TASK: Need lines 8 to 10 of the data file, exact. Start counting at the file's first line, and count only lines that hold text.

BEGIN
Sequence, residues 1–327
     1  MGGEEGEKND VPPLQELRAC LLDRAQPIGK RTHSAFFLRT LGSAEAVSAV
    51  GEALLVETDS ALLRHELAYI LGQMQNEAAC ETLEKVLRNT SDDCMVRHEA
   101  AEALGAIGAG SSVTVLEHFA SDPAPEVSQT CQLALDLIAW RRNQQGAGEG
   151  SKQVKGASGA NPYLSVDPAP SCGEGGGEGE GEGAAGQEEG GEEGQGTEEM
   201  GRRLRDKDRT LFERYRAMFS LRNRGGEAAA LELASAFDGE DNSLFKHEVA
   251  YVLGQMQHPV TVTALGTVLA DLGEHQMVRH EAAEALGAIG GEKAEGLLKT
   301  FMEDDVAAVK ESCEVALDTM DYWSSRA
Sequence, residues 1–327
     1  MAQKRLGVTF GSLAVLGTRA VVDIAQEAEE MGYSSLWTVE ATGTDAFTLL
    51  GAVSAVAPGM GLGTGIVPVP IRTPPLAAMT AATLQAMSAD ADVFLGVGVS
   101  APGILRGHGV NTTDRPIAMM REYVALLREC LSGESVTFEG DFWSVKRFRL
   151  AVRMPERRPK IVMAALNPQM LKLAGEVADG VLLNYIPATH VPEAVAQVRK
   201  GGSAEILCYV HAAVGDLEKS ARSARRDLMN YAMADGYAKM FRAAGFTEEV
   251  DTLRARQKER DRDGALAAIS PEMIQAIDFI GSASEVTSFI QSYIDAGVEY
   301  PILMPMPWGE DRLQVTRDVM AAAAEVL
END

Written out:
   301  FMEDDVAAVK ESCEVALDTM DYWSSRA
Sequence, residues 1–327
     1  MAQKRLGVTF GSLAVLGTRA VVDIAQEAEE MGYSSLWTVE ATGTDAFTLL